States With Highest and Lowest Taxes

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5. Texas
> Taxes paid as pct. of income: 7.6%
> Income per capita: $46,947 (24th highest)
> State income tax collections per capita: $0 (tied–7th lowest)
> Property tax collections per capita: $1,635 (14th highest)
> General sales tax collections per capita: $1,226 (6th highest)

Texas is one of only a few states with no personal income tax. Property owners shoulder the largest share of tax burden in the state. Property taxes account for 40.4% of all state and local taxes collected in the state, a larger share than in all but four other states.

Texas generates a significant portion of its revenue from its abundant natural resources. According to a report released by the Texas Oil and Gas Association, the oil and gas industry contributed $9.4 billion in taxes to local and state governments in 2016 alone.

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4. Tennessee
> Taxes paid as pct. of income: 7.3%
> Income per capita: $42,094 (16th lowest)
> State income tax collections per capita: $46 (8th lowest)
> Property tax collections per capita: $830 (7th lowest)
> General sales tax collections per capita: $992 (18th highest)

Despite Tennessee’s second highest statewide sales tax rate of 7.0%, the tax burden is still one of the lightest in the country because of low individual income and property tax rates. Tennessee is in the process of phasing out its individual income tax. The intent of the bill, enacted last year, reduces the tax rate by 1% annually and will be eliminated in 2021.

Tennessee is one of only three states with both a tax burden that is less than 10% and a pension fund that meets nearly all of its obligations. The Tennessee pension fund had 99% of the assets it needed to meet its obligations for the 2014 fiscal year.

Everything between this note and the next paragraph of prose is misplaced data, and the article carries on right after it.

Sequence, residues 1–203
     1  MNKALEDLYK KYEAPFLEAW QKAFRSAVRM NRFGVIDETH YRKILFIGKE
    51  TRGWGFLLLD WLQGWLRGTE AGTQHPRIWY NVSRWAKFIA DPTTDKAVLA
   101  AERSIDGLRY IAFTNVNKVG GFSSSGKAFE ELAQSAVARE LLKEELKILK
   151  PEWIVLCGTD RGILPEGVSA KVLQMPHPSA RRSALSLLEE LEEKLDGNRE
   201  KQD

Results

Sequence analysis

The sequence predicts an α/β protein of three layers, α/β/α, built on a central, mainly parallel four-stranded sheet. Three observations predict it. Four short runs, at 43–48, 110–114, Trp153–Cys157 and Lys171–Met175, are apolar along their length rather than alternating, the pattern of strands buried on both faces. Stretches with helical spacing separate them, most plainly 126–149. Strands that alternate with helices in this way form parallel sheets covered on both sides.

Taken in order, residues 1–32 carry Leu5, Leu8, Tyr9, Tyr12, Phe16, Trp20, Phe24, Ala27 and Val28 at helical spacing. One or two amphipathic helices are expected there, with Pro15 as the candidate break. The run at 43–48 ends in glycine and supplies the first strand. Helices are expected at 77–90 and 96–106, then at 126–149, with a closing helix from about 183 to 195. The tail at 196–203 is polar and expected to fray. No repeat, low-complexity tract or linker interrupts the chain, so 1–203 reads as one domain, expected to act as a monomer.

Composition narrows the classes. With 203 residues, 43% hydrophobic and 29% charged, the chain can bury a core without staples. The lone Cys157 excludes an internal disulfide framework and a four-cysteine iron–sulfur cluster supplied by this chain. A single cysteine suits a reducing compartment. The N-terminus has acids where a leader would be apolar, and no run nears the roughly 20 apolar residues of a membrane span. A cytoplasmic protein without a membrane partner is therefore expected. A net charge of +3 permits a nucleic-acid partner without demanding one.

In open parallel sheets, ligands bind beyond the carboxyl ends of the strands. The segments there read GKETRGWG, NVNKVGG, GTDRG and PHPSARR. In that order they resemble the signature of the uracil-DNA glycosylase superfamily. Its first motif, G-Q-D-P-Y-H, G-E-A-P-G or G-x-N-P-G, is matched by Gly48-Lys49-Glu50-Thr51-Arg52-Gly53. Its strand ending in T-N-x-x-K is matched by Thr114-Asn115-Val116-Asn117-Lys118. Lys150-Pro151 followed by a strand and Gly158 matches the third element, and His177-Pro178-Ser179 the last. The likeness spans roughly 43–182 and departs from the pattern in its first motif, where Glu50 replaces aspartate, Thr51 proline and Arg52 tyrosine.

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3. Wyoming
> Taxes paid as pct. of income: 7.1%
> Income per capita: $56,081 (6th highest)
> State income tax collections per capita: $0 (tied–7th lowest)
> Property tax collections per capita: $2,109 (9th highest)
> General sales tax collections per capita: $1,384 (5th highest)

Wyoming is one of many resource-rich states with a relatively low tax burden. However, recent dips in energy prices have led to decreased government revenue. Partially as a result, the two year budget passed in March 2016 cut funding to the vast majority of state agencies by 2%. This year, the state legislature passed House Bill 236, which if signed by Gov. Matt Mead, will cut public school funding by $34 million in the upcoming school year.

Wyoming taxpayers pay more taxes to other states than to their own state and local governments. It is the only state where this is the case.

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2. South Dakota
> Taxes paid as pct. of income: 7.1%
> Income per capita: $47,881 (21st highest)
> State income tax collections per capita: $0 (tied–7th lowest)
> Property tax collections per capita: $1,301 (24th lowest)
> General sales tax collections per capita: $1,131 (9th highest)

South Dakota is one of only two states that do not levy either corporate or individual income taxes. While the state’s 4.5% general sales tax rate is nearly the lowest in the country, sales tax revenue accounted for 40.4% of the state’s total tax collection in fiscal 2014 — the third largest share nationwide. South Dakota residents are relatively wealthy, and taxes amount to just 7.1% of income on average, the second lowest tax burden of any state.

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1. Alaska
> Taxes paid as pct. of income: 6.5%
> Income per capita: $56,147 (5th highest)
> State income tax collections per capita: $0 (tied–7th lowest)
> Property tax collections per capita: $2,639 (4th highest)
> General sales tax collections per capita: $0 (tied–5th lowest)

Other than North Dakota, Alaska is the only state where a majority of tax revenue comes from sources other than property, sales, individual income, or corporate taxes. Nevertheless, funds received by Alaskan state and local governments totalled $19,357 per capita in fiscal 2014, the most of any state nationwide. A bulk of Alaska’s tax revenue comes from severance taxes on the state’s oil industry, which frequently accounts for more than 70% of the annual budget. Lucrative oil extraction has allowed Alaska to provide each resident with an annual dividend from the Alaska Permanent Fund. Annual payouts from the fund exceeded $2,000 per resident in 2007 and 2015.